A drop of water falling on your forehead at intervals is torture. I saw it in the movies. Read in the books about this. So what is all these drops of water falling all over the place all the time? Torture? Necessary evil? Or nature’s harmonic way of perpetuating our existence, until the end of each one of us, until returning each one of us to soil, to be eaten by worms, pooed as fertile soil to grow a flower that will be eaten by a cow that will give milk to feed a baby…

It’s just an ordinary Tuesday morning.

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Tenders

by on Oct.07, 2015, under Uncategorized

Agency management can sometimes get excited when seeing a quarter-page tender in daily papers, particularly if it’s by a large international company. Usually pre qualification of suppliers means that the narrow opening had been created for a different agency to offer and provide services of advertising, creative, media buying and whatever else the case may be.

If the client is someone on the agency’s wish list then the excitement grows even more: is there a possibility that they will pitch, drop their current agency when they see our fabulous ideas, move with us into the blissful and successful future?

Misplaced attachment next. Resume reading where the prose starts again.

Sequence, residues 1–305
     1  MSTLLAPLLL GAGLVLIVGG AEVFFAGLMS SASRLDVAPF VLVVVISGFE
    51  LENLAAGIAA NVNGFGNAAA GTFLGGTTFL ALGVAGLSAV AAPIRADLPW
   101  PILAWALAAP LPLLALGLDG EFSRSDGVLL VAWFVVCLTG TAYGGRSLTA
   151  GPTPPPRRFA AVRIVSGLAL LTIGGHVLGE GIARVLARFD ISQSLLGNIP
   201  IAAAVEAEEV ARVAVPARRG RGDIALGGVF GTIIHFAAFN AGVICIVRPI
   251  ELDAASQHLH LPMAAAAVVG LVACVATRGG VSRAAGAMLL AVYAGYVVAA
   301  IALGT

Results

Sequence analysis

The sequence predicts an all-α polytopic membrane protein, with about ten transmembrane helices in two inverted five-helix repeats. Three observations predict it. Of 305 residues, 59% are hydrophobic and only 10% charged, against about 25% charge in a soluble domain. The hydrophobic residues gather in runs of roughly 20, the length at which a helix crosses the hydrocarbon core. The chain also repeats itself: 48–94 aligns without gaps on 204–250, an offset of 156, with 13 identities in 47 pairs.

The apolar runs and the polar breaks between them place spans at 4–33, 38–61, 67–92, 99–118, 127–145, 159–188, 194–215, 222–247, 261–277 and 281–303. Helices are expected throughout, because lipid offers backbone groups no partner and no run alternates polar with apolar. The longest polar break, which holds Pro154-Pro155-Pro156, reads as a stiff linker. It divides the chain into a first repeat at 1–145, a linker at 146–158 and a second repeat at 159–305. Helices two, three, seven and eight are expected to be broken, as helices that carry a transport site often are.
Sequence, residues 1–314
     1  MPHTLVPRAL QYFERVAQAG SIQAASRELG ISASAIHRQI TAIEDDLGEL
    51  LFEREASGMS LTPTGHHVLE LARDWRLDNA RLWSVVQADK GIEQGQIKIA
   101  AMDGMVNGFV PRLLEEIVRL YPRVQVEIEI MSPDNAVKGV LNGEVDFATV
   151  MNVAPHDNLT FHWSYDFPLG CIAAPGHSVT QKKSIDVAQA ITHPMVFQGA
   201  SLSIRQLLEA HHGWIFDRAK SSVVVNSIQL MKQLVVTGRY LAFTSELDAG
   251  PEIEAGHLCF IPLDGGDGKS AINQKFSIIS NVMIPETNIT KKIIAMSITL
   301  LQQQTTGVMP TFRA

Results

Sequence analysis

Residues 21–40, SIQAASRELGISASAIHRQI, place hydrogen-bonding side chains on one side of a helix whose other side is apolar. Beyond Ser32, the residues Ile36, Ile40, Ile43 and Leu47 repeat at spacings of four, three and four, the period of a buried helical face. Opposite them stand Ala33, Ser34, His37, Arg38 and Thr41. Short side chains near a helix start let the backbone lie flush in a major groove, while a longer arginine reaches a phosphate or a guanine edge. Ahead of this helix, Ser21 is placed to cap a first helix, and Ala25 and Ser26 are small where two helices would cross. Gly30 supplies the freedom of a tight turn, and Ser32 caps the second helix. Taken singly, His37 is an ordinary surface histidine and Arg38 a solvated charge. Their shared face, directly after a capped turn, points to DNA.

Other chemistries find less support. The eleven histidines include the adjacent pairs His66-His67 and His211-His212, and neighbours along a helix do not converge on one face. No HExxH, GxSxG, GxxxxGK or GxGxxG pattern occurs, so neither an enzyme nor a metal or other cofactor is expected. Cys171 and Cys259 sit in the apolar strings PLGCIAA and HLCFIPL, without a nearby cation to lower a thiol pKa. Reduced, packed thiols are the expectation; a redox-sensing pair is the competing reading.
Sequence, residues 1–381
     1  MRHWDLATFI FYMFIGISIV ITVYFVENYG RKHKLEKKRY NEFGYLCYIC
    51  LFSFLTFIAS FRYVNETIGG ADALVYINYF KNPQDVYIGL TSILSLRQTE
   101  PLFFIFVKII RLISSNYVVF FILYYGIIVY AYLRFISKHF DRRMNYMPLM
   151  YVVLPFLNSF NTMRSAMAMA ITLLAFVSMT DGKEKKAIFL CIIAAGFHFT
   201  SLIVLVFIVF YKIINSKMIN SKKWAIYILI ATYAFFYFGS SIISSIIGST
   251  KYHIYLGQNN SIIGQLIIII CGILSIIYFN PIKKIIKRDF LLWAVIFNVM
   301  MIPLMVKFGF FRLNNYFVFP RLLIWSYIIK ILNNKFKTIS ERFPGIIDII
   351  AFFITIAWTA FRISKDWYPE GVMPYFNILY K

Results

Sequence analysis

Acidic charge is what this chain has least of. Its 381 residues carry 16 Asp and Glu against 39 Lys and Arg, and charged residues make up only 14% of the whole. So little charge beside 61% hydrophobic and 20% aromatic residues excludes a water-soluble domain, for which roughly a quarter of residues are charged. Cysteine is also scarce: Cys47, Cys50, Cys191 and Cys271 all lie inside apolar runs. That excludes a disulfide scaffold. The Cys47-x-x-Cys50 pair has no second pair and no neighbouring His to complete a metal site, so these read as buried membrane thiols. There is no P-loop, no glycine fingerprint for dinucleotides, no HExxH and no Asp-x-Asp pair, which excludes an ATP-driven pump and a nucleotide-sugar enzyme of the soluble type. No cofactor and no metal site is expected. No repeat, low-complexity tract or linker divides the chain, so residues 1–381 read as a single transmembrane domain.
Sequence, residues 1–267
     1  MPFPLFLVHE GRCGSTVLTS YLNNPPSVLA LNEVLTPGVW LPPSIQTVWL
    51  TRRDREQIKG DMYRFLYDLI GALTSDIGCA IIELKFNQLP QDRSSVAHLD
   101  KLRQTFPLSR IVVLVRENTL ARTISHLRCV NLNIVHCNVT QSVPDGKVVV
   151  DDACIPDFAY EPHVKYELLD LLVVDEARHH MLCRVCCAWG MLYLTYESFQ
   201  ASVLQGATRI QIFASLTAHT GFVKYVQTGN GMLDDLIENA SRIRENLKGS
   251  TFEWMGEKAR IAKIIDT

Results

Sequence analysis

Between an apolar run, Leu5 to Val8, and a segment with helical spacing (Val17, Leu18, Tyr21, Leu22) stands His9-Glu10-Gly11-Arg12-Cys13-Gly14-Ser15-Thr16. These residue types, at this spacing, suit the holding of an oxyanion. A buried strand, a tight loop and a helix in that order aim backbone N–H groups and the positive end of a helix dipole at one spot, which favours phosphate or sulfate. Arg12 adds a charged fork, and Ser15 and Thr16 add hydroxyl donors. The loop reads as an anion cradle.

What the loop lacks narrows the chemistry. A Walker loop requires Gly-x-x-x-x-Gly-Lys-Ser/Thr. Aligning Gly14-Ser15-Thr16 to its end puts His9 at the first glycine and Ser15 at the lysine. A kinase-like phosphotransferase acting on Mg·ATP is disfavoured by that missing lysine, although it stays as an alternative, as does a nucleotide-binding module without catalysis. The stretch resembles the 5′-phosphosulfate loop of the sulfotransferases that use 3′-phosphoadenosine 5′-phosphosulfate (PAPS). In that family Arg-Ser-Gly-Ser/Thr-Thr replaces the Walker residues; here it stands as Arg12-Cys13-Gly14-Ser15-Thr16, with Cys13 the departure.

Let me tell you one simple thing, derived from twenty-odd years of experience: don’t bother.

Pre-qualification of suppliers is the most bogus process that Ugandan companies engage in. You waste money on printing an ad, all in the name of transparency and giving everyone equal opportunity. Next step is to sell your applicants a copy of your tender document, which on average goes for UGX 50,000 to UGX 100,000, depending on how important the company thinks it is.

You jump through hoops to get the document: visit the client, get the bank account number, queue in the bank to make payment, guard the receipt with your life because without it, you tender submission is invalid, then run to the office excited that you are now allowed to put the document together.

Next step is preparation of documents. If you’re a habitual responder which is a condition bordering to delusional, you will have stuff ready to print: just a quick find & replace to insert proper tenderer’s name in the right places. If not, then pick, un-frame, scan, look through files, pull out docs, put together samples and examples, the whole drama!